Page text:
My name is Bellee Jones-Pierce (say it like believe without the v), but my students know me as Dr. J-P. I am a Lecturer in the English Department at Middle Tennessee State University, where I teach courses in writing, disability studies, and literature.
My primary research areas are early modern literature, disability, and poetics. My work as a creative writer is also concerned with the intersections of formalism and ability. My book project, Able Verse, suggests the English lyric is shaped by conceptions of disability as they come to metaphor in social and poetic discourse as well as the physical facts of disability itself. Bodily metaphors pervade language used to discuss complex structures, including poetics. Disability studies, therefore, offers a historical and especially useful approach to early modern lyric. Rather than policing metaphor or advocating for the removal of disability metaphors from poetic discourse, I argue metaphors of disability have indelibly marked poetic practice and lyric itself. My work inflects a historical formalist approach with tools and perspectives from disability studies and builds its arguments upon the vibrant early modern discourses of framing, measurement, quantification, medicine, anatomy, optics, and poetics.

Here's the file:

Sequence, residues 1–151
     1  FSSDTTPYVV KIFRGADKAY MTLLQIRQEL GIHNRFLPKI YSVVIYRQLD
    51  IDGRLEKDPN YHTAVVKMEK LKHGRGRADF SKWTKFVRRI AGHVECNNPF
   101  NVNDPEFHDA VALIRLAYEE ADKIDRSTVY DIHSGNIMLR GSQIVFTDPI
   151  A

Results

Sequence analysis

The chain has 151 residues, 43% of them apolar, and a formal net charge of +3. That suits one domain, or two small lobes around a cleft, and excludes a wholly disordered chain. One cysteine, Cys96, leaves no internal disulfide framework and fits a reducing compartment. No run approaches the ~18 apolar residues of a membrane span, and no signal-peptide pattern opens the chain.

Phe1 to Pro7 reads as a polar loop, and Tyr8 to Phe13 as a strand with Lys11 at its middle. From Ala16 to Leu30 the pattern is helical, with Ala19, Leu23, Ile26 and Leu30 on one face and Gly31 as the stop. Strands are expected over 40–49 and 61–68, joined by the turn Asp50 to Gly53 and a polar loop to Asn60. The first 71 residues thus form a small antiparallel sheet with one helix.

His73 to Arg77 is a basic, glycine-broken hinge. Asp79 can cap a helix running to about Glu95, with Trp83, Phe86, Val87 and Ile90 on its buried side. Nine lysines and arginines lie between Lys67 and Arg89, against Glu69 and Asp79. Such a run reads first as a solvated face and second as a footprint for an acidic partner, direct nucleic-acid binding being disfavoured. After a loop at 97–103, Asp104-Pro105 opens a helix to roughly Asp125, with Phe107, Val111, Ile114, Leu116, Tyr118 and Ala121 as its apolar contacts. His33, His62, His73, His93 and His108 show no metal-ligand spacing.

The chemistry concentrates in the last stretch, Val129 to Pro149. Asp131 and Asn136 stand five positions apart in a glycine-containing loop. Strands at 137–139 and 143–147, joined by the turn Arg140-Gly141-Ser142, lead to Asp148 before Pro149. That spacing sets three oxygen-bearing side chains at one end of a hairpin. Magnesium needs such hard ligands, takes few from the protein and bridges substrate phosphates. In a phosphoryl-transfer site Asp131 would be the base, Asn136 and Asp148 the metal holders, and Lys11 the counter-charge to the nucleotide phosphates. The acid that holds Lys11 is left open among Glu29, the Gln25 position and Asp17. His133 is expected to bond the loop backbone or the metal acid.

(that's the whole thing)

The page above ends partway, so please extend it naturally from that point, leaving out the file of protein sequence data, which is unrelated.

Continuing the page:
I am the managing coordinator of Premodern Disability, a resource aggregator for those who study disability in the medieval and early modern periods. You can find me on Twitter and Instagram. To contact me directly, send an email here.